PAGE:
Get Out (2017)
Director: Jordan Peele
Starring; Daniel Kaluuya, Allison Williams, Lil Rel Howery
By Paul Berrington
Mostly played for laughs but always subversively creepy, Get Out is suitably nasty, yet always clever enough to pull off attempts at genre reinvention, embody its subject of race, and also be completely entertaining as a thrilling contemporary horror film.
Chris (Daniel Kaluuya) faces one of the first true tests of any relationship – meeting your partner’s parents for the first time. “Do they know I’m black,” he asks Rose (Allison Williams), his white girlfriend, who insists her folks are certainly not racist. Indeed at first, Rose’s family seem overtly liberal, almost awkwardly so, and it’s not until dinner, when brother Jeremy weirds him out, that Chris starts think something might be a little off.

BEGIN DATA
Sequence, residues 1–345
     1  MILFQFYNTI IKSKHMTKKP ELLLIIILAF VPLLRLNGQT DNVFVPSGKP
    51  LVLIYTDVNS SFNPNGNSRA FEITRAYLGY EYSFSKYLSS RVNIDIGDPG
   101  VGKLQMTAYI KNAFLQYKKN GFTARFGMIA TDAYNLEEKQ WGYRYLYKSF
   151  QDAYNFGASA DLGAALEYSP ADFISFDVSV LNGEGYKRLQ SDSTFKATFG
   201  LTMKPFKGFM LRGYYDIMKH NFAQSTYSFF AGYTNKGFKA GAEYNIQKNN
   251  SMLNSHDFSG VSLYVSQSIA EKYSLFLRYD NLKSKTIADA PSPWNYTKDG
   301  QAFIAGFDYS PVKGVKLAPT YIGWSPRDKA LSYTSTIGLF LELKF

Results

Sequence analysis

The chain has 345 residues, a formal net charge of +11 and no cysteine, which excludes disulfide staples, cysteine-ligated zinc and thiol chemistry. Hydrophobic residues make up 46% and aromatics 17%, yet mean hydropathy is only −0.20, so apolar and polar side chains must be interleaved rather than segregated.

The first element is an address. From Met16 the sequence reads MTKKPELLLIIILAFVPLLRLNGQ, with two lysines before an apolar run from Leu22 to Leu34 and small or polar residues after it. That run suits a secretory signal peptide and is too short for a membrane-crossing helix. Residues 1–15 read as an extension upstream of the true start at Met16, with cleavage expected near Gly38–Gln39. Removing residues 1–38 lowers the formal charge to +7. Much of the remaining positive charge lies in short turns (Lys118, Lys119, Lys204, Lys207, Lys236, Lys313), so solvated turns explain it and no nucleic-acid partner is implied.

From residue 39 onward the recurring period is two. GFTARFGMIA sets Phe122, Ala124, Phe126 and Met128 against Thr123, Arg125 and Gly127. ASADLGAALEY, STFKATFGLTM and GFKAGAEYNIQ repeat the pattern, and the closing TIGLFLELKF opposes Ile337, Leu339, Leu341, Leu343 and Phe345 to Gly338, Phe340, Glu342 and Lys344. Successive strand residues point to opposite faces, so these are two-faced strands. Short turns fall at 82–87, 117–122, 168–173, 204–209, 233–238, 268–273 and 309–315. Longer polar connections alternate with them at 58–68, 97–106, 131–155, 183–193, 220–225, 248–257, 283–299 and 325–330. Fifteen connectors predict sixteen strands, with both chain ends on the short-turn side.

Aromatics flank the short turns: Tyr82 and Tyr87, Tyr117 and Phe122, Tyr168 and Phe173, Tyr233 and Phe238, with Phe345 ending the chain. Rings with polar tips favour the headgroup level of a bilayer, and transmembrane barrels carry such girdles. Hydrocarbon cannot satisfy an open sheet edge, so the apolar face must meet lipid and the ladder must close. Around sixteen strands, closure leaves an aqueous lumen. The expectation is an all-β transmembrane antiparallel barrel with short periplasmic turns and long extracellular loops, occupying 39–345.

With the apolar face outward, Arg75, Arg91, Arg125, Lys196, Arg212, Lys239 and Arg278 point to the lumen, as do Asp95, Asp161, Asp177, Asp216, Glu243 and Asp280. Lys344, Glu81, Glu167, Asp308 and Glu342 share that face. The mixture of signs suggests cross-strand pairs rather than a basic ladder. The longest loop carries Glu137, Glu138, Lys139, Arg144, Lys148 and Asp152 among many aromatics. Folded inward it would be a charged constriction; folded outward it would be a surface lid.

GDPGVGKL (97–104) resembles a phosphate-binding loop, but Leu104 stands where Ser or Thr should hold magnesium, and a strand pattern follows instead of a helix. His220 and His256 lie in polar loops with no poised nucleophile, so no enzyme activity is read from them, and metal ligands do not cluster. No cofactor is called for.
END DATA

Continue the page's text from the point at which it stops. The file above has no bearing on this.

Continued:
A close encounter with mother Missy, a hypnotherapist slash psychiatrist, deepens Chris’s fears, soon suspecting that he’s being groomed for something he doesn’t fully understand. Seeking the help of best friend Rod (Lil Rel Howery), who takes on the role of sleuth, Chris inevitably walks through murkier waters as he tries to find out just what fuck is up with the Armitage clan.
The directional debut of Jordan Peele, known for his comedic skit show Key & Peele, this film is hardly considered the future of horror. Yet the effectiveness of Get Out isn’t always in the metaphors and sharp social commentary, it’s also a gutsy rollercoaster vividly brought to life through frenetic set pieces and hyper stylised violence.
Slowly revealing its secrets with a satirical glee delivered through a series of compelling vignettes, Get Out only occasionally feels contrived and maybe tries a little too hard, when already, you’ve been caught up in the sensational pacing. Mostly this is film making that feels fresh, slightly shocking, and supremely stylish. A genre film that flips traditions, messes with conventions, but then still manages to scare the pants off you.